A three-page document was distributed that presented themes identified in interviews along with ample material to back it up. With the combined presentation, hand-out, and revealing quotes attached to the photographs, the message of the exhibit was at risk of being over articulated. This likely stemmed from a desire and enthusiasm to take advantage of this public platform to shed light on a little-talked-about subject, as well as the organizers’ goal of creating a “sociological” project. After all, Kaj related a story from a journalist friend who said that, during a lecture to university students, half the class didn’t even know that black Lebanese existed.

Even without the supplementary material, the photos and select quotes of “Mixed Feelings” are, in their simplicity, more than enough to speak volumes about what it is to be different in Lebanon.

“Mixed Feelings” is on display at Dar al-Mussawir in Wardieh, Hamra until July 18.

Comments

Human is a social animal. The only thing he can't live without after food and water is love. and his hunger for love is even more than his for food or water. Every one must care for the people who get ignored in this long run. They are humans too, they have some desires which are really not getting fulfilled

How sad to read those beneath comments. So basically Lebanon is a piece from hell. Its people are full of hate. You're black??? " oh so you're a prostitute, a maid bla bla bla". It's ugly to see how people start talking trash about my country, yes there are problems...but could you tell me what did you do to improve our society?? oh yeah you left liberia. Good job and well done.

Good thing you didn't move to the US...then you'll know what it means to suffer as a black person.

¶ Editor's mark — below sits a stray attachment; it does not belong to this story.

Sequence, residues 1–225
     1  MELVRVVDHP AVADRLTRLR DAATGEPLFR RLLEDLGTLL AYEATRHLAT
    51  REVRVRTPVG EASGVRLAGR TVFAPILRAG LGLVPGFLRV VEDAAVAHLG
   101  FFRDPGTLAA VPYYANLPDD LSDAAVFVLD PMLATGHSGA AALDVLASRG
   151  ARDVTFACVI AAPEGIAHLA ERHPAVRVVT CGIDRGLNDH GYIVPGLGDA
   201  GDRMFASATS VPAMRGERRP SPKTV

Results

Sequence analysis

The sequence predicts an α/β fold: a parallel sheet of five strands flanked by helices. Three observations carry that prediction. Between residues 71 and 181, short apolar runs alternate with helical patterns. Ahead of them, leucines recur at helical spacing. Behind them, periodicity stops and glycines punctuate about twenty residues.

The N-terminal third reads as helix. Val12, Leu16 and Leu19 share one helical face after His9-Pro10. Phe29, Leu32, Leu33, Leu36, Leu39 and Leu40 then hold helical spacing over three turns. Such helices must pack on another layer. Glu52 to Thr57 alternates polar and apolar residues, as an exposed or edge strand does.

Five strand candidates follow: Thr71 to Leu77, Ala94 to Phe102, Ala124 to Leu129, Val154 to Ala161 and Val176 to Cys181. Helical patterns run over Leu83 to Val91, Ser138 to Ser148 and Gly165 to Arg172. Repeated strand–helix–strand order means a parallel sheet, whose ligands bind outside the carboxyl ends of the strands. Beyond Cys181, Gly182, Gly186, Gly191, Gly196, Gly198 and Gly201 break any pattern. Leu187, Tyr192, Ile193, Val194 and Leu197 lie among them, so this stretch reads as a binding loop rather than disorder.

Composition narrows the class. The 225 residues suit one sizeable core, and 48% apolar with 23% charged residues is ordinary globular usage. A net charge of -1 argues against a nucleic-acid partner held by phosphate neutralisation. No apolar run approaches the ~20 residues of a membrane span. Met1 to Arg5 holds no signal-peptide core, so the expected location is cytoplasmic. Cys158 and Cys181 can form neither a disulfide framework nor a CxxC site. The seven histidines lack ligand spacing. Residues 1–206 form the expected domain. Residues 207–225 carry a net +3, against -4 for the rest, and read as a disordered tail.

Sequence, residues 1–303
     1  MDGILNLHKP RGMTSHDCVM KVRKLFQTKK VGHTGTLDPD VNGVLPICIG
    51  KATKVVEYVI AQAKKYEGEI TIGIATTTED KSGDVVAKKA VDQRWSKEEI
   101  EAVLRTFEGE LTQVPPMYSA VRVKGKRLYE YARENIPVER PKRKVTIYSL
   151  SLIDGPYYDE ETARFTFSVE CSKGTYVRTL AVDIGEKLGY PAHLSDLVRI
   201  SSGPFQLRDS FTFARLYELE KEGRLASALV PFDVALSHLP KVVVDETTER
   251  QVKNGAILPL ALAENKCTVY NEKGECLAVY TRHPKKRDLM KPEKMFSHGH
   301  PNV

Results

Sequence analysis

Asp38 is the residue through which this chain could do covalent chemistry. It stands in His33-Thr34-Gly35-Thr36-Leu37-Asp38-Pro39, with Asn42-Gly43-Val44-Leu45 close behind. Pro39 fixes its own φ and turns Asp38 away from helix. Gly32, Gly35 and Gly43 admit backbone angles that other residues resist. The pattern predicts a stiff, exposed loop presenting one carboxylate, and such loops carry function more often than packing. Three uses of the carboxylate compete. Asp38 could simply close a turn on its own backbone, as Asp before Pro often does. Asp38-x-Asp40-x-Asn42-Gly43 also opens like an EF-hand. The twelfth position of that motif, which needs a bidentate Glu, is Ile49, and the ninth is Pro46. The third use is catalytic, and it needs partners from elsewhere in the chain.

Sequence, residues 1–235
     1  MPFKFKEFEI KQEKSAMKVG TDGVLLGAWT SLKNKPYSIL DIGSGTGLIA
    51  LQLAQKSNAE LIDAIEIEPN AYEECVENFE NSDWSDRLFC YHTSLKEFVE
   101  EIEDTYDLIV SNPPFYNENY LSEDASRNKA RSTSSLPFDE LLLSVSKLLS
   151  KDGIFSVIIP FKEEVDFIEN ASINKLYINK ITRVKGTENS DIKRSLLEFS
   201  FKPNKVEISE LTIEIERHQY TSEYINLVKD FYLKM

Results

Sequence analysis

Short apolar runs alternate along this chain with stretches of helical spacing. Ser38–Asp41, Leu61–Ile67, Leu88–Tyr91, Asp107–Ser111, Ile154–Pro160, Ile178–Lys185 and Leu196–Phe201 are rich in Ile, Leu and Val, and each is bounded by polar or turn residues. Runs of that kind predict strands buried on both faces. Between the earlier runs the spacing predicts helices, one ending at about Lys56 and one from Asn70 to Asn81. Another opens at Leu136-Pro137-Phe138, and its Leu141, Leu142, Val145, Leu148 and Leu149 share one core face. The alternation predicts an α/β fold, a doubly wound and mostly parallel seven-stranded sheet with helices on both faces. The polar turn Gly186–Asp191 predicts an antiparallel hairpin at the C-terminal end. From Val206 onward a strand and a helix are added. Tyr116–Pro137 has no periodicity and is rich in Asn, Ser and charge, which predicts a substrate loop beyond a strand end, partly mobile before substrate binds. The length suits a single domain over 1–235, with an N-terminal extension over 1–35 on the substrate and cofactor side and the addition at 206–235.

Lebanese society doesn't discriminate against blacks, unfortunately this society may have stereotyped blacks. In the US there's discrimination.

I love black people btw. I have tons of beautiful memories with them. And I hope one day I can marry a mixed race lebanese girl.

Now I'm wondering, HOW LEBANESE PEOPLE GET TREATED IN AFRICA???? DON'T THEY GET KIDNAPPED FOR RANSOMS??

I will tell you I am half lebanese half haitian. My mother's side of the family disowned us because we mixed. Miss me with that "we aren't racist" shit

LOL typical racist excuse "I had tons of fun memories with them" and "I wish to marry a mix race"
Lebanon is a racist country, ask me because I am an African American who visited your "Nice Humble country" for a week and I was basically treated as an unpleasant guest, someone people can't wait to get rid of. I walk on the street and 99% of passerbys look at me in disgust, matter of fact, I had a young guy come up to and say "what's up my n***r." And please don't compare your country with mine, and yes there is discrimination but it is not as nearly bad as yours. Didn't you know that we just elected an African American president? Can your country pull that off? Hell NO. So sit your ass down and accept the fact.

When I read this article it was really moving, but I also have gone through the same thing in Lebanon. I am also a biracial Lebanese nigerian , I schooled in Lebanon for 5 years and those years were the worst years of my life. I thought no one could understand the meaning of being a black Lebanese , my mom too struggled in that country. Every at school, or in the school bus I normally get picked on for being dark skinned. I hated going out , cause when ever I did the kids in my neighborhood called sirlankiyi , in the normal world that's a person from sirilanka , but to them it meant cleaner , maid or nanny . It was very hard living there, but the good thing was that I had just a few good friends. And now I'm living in nigeria happy and thankfull that God allowed me to get out of there peacefully .